03 Oct The Dangers of Big Tax Refunds
75% of tax filers get a refund. And the average refund amount is over $ 2,300. I was surprised by these figures. Am I the only one not getting an “annual bonus” from the government?
What is wrong with getting a refund check, and what does it have to do with filing for bankruptcy? Plenty.
Can you imagine your employer not paying you the full compensation earned? What would you do if he held back a few hundred dollars every month and promised to make up for it later? Nobody would tolerate this. Lawsuits would be filed.
But when it comes to income taxes, most people don’t mind overpaying the government as long as they can square things up each April. They even look forward to the annual refund as a forced savings program. Many who get large refunds treat it as “found money” and don’t associate it with the unnecessary economic stresses suffered the prior 11 months.
The problem with a tax refund is that you short-change yourself every payday in order to get one. A $ 4,800 tax refund sounds exciting, but if you have to live $ 400 poorer every month, it is not worth it. For families that live paycheck to paycheck, $ 400 a month makes a big difference.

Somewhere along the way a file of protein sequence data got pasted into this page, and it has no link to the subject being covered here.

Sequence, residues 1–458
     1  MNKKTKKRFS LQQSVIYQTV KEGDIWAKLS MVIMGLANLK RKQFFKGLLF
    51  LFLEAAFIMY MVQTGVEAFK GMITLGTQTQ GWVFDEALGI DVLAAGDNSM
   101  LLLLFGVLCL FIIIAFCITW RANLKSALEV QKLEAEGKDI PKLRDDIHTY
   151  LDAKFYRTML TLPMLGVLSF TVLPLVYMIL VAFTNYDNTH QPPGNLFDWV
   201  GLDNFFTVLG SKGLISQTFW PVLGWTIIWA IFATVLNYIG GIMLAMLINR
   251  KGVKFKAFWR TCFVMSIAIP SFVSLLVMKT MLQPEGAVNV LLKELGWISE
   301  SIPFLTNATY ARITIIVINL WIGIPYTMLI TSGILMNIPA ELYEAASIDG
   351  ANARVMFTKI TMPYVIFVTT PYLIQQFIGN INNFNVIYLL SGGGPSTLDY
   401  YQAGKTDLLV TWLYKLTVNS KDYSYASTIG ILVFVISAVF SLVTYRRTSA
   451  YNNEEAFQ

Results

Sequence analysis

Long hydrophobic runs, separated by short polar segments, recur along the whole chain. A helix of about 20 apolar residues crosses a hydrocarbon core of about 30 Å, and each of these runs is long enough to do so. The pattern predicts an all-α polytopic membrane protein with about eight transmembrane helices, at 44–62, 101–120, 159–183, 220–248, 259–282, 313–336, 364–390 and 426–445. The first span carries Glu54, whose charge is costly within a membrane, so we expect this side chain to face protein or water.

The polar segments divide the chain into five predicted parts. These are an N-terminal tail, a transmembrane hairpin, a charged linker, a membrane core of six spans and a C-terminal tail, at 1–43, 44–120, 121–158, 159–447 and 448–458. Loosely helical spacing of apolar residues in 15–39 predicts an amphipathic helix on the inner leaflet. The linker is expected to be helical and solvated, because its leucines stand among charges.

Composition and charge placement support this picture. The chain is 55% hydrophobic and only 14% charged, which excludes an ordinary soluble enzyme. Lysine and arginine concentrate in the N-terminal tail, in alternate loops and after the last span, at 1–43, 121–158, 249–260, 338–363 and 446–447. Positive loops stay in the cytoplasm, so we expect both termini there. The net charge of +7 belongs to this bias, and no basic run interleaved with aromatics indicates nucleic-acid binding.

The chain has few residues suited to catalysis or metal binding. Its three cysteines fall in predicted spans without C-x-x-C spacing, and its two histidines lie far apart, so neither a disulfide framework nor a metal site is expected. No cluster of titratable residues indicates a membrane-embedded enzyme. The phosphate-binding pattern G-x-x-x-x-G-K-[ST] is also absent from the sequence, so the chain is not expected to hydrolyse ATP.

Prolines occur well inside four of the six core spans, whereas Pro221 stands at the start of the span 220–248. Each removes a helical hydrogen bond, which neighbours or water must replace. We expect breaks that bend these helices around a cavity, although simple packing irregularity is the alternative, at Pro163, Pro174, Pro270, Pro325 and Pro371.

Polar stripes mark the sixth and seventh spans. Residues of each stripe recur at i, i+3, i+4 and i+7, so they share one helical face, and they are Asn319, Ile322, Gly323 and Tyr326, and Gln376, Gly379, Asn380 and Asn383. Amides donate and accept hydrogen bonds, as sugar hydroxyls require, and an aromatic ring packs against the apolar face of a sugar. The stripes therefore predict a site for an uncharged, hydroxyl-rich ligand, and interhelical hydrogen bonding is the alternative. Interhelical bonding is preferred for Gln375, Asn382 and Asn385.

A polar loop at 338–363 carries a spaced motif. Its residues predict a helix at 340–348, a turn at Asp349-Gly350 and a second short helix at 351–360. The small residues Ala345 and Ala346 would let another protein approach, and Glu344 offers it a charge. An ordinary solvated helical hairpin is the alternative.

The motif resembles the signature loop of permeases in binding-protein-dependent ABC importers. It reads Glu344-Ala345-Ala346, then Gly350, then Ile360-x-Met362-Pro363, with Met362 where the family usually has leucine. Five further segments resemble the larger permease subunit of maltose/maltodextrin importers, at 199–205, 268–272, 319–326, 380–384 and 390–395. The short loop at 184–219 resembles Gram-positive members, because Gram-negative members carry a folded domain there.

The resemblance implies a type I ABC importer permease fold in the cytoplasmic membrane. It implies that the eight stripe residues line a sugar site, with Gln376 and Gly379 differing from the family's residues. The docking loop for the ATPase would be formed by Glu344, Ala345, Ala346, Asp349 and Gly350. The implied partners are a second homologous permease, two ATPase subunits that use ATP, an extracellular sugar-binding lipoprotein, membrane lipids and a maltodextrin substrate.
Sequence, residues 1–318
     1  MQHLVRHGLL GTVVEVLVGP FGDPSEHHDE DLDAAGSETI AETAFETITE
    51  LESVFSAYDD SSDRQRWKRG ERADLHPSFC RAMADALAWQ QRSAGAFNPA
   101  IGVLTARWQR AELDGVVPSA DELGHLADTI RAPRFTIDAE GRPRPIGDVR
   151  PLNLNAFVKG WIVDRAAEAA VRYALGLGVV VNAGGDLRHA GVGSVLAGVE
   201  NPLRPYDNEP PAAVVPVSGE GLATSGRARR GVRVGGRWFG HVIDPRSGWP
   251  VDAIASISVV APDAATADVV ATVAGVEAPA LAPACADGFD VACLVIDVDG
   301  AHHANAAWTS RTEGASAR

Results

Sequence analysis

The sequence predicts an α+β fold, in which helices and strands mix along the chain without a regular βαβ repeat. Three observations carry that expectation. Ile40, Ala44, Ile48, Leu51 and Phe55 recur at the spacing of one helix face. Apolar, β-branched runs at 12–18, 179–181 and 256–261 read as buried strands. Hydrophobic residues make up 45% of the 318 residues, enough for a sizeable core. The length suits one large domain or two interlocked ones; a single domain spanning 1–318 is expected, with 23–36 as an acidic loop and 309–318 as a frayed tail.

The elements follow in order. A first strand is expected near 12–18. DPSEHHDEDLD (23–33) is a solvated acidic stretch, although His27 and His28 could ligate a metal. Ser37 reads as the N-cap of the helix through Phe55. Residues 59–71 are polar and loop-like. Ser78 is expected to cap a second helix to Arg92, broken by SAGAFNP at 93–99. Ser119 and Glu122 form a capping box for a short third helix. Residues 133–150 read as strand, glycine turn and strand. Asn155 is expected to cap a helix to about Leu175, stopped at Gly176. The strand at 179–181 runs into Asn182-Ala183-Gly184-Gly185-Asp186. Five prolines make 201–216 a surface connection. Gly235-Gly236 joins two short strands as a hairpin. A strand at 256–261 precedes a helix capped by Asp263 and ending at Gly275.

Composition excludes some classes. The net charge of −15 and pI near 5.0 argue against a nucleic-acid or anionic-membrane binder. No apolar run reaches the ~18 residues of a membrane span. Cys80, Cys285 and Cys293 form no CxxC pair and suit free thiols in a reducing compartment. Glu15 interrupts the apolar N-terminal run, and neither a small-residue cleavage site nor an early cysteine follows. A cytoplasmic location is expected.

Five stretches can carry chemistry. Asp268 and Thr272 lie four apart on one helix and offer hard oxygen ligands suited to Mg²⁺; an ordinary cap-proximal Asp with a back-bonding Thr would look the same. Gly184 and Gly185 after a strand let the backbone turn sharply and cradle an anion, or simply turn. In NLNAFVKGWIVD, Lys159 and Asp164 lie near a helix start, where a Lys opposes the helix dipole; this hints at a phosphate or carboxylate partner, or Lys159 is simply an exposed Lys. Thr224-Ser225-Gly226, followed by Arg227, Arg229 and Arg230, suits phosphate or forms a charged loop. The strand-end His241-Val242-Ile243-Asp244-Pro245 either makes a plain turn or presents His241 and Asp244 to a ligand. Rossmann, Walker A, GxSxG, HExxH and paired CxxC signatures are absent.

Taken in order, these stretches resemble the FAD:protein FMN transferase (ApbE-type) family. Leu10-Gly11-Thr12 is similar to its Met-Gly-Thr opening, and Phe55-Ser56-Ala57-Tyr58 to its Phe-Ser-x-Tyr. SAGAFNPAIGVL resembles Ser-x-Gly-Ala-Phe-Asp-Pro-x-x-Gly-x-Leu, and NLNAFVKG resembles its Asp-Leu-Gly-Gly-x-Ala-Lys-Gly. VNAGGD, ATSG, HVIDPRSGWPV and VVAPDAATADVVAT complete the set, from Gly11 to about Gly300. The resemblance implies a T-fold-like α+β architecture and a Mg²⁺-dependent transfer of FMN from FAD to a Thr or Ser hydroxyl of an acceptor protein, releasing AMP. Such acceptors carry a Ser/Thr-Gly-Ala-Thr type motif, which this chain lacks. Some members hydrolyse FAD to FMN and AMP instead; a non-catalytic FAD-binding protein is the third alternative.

My advice . . . . don’t pay more in taxes than you need to. Good financial planning involves understanding your true monthly income and expenses. If you received a big tax refund this year, you should take steps to adjust your withholdings. You can adjust your withholdings using Form W-4.
The more exemptions claimed on a W-4, the less taxes taken, and the smaller your refund come April 15th. Your goal should be to increase your monthly take-home pay and break even at the end of the tax year. You are most efficient when you neither owe taxes, or are owed a refund for overpayment.
For those filing a Chapter 7 bankruptcy, your latest tax return is given to the assigned trustee. She will examine the amount of your refund to see if you are artificially suppressing your pay . . . . . and big tax refunds are a red flag. She may assume that you will be getting another tax refund this year and that you have more discretionary income than what you disclosed in Schedule I. A good bankruptcy lawyer will factor this into your petition before filing your case.
In a Chapter 7 case, a debtor must prove that his monthly living expenses (not including credit card payments) exceed his monthly net income. For the debtor who gets a $ 4,800 refund, he will need to make sure that his expenses exceed his monthly income by at least $400 ($ 4,800/12). Unless he adjusts his withholding, or accounts for the refund in his income calculation, he may be forced into a Chapter 13 five-year repayment plan.
If you rely on tax refunds or credit cards just to survive, you should contact an experienced bankruptcy attorney for help. Bankruptcy protection laws are powerful and may be an option you should explore.
Bankruptcy Law Network (BLN)
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